|St. Martin in the Wall is an ancient, beautifully preserved church set amongst the winding back streets and quaint buildings of the Old Town in Prague. It is located just a few minutes walk from the Old Town Square and Wenceslas Square.|
St. Martin in the Wall Church was built in 1178-1187 in the Romanesque style in the settlement of Ujezd, which in those days extended to this area. Shortly after the church was dedicated to St. Martin the settlement was renamed Ujezd of St. Martin.
When the Old Town walls were built in the 13th century, Ujezd of St. Martin was divided in two. The larger part was left outside the walls and later became part of the New Town. The smaller part, including the church of St. Martin in the Wall, became part of the Old Town. The south wall of the church backed onto the Old Town wall, hence the name St. Martin in the Wall.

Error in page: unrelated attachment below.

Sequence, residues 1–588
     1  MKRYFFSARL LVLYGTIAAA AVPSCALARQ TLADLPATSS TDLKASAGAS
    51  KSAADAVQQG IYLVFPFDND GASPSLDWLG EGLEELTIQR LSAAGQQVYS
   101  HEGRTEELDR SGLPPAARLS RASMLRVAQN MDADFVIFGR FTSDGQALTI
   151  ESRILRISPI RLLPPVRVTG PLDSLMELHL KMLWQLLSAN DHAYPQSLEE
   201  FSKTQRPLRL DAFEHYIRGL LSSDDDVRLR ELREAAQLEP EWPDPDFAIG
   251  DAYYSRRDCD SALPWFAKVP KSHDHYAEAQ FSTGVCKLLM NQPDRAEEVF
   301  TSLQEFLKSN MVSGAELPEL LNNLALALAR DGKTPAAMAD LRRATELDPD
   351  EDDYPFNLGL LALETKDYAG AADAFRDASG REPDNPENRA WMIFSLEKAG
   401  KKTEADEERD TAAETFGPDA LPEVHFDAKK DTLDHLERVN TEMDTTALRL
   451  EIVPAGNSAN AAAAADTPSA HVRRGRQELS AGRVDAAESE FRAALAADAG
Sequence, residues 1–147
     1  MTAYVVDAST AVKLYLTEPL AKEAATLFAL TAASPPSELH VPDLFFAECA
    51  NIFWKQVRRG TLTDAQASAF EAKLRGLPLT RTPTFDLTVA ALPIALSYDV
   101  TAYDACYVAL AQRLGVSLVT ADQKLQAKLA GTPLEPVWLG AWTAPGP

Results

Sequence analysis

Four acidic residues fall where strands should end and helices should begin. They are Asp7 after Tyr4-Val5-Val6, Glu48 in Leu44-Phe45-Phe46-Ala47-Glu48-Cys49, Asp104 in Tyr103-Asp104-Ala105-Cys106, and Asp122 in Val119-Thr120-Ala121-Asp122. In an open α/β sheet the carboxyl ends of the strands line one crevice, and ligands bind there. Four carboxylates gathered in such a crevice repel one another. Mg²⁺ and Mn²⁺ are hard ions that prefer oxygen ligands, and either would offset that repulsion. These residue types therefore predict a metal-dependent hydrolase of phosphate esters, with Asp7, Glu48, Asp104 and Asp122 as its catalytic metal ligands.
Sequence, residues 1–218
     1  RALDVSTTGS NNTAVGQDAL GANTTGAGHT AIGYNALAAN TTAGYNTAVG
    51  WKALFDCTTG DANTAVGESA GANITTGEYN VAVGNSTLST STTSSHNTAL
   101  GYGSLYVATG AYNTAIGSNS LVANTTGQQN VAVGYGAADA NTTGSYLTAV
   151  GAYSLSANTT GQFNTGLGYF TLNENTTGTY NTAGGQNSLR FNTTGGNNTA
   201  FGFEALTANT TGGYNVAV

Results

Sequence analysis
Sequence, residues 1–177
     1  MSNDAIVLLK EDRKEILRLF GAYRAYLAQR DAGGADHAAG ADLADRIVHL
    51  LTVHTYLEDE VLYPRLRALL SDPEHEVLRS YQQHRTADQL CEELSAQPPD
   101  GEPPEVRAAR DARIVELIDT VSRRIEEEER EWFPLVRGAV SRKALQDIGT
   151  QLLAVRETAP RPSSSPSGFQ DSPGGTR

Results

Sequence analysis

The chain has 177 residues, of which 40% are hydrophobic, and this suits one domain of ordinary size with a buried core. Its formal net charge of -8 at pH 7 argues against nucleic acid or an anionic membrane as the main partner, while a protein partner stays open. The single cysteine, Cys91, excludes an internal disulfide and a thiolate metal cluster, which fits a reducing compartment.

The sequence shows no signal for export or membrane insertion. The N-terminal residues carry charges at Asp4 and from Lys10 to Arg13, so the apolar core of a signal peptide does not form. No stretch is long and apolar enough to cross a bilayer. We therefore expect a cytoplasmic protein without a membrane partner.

The original church had just one nave, which has been preserved in the present nave along with other Romanesque features.
In the 14th and 15th centuries the church was reconstructed in the Gothic style, which remains to this day. The nave was elevated and newly vaulted, and the whole church enlarged.
Between 1360-1370 the Presbyterian gained a groined vault, which is said to be one of the oldest of its kind in Czechia. The groins of the vault rise from a bracket decorated with masks. The coping stones are decorated with a rose and star.
In 1414 a Mr M. Jakoubek from StřÝbro served the altar sacrament in both kinds to laymen for the first time. In the following years, the chalice used became the symbol of the Hussite revolution.
The Gothic reconstruction of St. Martin in the Wall was completed in 1488, sponsored by the Utraquist bourgeois Holec family. Their coat of arms, a hook, can be seen in several places around the church.
St. Martin has now been restored to its original splendour. Aside from Sunday worship, it only opens for classical concerts. The excellent acoustics of the church and the historic setting make these events well worth attending.
In winter, St. Martin in the Wall Church is heated, but it is still advisable to wear warm clothing for concerts.
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